While the House is navel-gazing on its own issues, the world outside goes on. The most sickening thing to happen over the weekend was that, at a time when Members have been bailing out banks, looking after the finances of the country and the economy, taking all the difficult measures and agree that ordinary people are experiencing difficulties with regard to loan repayments, jobs, unemployment and so on, the Government began to target lone parents.
Senator Joe O’Toole: I do not want any Member from the other side of the House to recount tales of the famous lone parent who has four houses in America and so on. People on the ground are struggling and I will ask a question of Members on the other side of the House. At their parliamentary party meetings, someone should ask——
Senator Joe O’Toole: —— who is advising the Government to rip off lone parents? Who does the sums and picks the easy targets? Who is so ridiculous and stupid as to put this forward as a policy position that is sustainable, measured, capable of being implemented and acceptable to the people? It is an absolute disaster.
Senator Ivana Bacik: Like the other speakers, I welcome the announcement that Senator Callely will make a statement following the Order of Business. As the other speakers have noted, Members require a full and comprehensive statement to resolve this matter. It has been a most unwelcome distraction in a week of serious political events both here and elsewhere and has served to bring all Members into disrepute. This matter must be resolved and the Cathaoirleach deserves an explanation as much as do other Members.
On the aid flotilla, as Senator Fitzgerald stated, Members must have a full debate on the issue tonight. In addition, Members must hear from the Minister on the issue regarding forged Irish passports. I commend the bravery of the Irish crew on board the MV Rachel Corrie and, as I believe will all Members, condemn the accusations made against them this morning by the Israeli spokesperson, Mark Regev.
On a completely different issue, I propose an amendment to the Order of Business to debate a highly important issue that has been overlooked in all the other dramatic events that have happened this week, namely, the issue of climate change and, in particular, the need for climate change legislation. As Members will be aware, in October 2007 I introduced the Climate Protection Bill which has been languishing on the Order Paper since. This week in Bonn, a new round of United Nations climate change talks began, which are aimed at securing international agreement on emissions reduction targets. Although the Government has promised that it will introduce legislation to set domestic binding targets nationally in June, Members still have not had sight of it. Consequently, I propose an amendment to the Order of Business that we hold a short debate today on the need for legislation, the Climate Protection Bill on the Order Paper and to hear what the Government has to say about its promised Bill that is long overdue. It is beyond time for Ireland to sign up to binding targets. This has been done in Britain and elsewhere and it must be done here this week as a matter of urgency, given the continuation of the United Nations climate change talks.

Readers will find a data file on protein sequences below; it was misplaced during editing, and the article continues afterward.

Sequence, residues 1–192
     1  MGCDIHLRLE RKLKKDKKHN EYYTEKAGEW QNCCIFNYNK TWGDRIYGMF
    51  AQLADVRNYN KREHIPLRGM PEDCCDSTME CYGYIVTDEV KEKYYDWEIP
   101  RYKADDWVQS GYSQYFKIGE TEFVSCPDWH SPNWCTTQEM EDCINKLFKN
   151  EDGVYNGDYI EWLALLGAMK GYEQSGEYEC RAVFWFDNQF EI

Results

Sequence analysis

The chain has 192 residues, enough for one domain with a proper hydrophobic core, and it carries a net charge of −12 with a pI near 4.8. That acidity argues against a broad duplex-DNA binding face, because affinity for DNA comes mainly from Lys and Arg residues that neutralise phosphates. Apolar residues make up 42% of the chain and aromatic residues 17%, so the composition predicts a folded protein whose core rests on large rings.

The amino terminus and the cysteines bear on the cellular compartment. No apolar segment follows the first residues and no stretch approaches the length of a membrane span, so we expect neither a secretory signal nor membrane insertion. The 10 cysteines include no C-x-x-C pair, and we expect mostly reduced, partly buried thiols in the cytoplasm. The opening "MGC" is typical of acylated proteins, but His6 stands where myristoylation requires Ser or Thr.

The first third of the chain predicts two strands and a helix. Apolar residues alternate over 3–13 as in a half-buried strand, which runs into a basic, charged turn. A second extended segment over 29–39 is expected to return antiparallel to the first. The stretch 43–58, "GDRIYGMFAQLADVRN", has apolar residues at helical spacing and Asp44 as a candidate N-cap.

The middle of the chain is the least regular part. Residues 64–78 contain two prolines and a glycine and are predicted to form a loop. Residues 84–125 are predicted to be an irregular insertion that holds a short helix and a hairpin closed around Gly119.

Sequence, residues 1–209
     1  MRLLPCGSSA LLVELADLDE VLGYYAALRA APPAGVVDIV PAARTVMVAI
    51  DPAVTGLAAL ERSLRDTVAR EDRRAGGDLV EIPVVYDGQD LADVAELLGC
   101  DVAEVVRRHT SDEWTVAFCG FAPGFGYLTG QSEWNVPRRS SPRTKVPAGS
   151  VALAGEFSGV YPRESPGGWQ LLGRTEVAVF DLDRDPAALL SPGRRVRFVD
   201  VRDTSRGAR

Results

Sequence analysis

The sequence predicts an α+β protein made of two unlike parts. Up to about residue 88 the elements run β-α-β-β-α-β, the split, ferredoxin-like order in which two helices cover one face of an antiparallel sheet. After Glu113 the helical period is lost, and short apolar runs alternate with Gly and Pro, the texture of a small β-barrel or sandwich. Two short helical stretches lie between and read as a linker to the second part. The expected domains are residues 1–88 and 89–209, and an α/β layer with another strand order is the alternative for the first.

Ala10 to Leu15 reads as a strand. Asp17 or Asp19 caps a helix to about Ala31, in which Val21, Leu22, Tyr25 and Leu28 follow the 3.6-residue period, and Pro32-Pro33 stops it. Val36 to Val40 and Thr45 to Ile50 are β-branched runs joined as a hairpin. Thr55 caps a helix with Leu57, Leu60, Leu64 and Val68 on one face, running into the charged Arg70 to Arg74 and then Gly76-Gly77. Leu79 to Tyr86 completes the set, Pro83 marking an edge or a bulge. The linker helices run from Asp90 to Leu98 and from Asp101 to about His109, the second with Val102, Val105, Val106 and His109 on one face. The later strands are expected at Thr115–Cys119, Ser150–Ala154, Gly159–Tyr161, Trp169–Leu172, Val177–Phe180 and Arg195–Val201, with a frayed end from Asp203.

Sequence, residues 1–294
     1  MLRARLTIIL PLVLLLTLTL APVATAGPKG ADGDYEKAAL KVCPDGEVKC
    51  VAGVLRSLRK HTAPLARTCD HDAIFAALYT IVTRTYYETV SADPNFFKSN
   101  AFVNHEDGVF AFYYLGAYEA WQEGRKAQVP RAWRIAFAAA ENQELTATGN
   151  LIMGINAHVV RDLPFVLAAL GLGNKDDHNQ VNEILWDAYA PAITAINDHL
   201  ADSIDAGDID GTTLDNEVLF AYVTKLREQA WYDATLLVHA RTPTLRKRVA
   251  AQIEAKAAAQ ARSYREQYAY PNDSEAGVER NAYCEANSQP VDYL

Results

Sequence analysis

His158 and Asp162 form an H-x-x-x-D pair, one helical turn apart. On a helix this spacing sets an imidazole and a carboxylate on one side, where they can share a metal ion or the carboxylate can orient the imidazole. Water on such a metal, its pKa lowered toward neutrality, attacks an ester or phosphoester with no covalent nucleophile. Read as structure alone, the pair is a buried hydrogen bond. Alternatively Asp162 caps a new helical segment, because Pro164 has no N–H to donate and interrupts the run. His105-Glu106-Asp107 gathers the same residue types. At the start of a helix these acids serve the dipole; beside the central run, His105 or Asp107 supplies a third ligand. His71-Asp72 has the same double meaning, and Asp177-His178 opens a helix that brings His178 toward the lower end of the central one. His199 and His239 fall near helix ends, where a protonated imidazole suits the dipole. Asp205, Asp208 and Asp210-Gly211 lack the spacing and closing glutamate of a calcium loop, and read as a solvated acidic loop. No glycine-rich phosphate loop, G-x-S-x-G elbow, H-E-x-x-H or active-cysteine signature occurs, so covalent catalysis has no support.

I note that a penal reform seminar is being held today on life after prison. It will discuss the issues of spent convictions and the difficulties prisoners experience in reintegrating into society. I ask all Members who are able to so do to attend that seminar after the Order of Business.
Senator Dan Boyle: I also welcome the statement to be made after the Order of Business today. It is necessary and should be as comprehensive, as other speakers have indicated. It must clear up a great deal of uncertainty that has emerged through the reportage and must try to lay to rest a wider perception of the issues in hand and how they might affect every Member of this House, as well as all those who are involved in public life. Consequently, I hope the statement, when made, will cover all such eventualities.
As for the debate this evening, I agree with previous speakers on the need to address the illegal, unwarranted and totally over-the-top reaction of the Israeli Government regarding the Gaza flotilla and the other issues in respect of the use of Irish passports. It also should address several other issues that have questioned the commitment of the Israeli Government — I stress the Israeli Government rather than the Israeli people — to the concepts of international law.
With regard to the proposed amendment to the Order of Business, I will try to set Senator Bacik’s mind at rest by stating I attended a meeting earlier this morning and that the heads of the Bill have been prepared. A series of meetings will be held this evening and the heads of the Bill will be published by the end of this week. I also am impatient for this legislation to be published, having published a Dáil Bill on the subject several years ago. I argue that possibly I am at the head of the queue in this regard and think——
Senator Dan Boyle: I never need to forget that because the Senator is always here to remind me. In any case, I am confident that the end of this session will see published material as to how a completed Bill will look and the next session will see the final passage of the agreed legislation.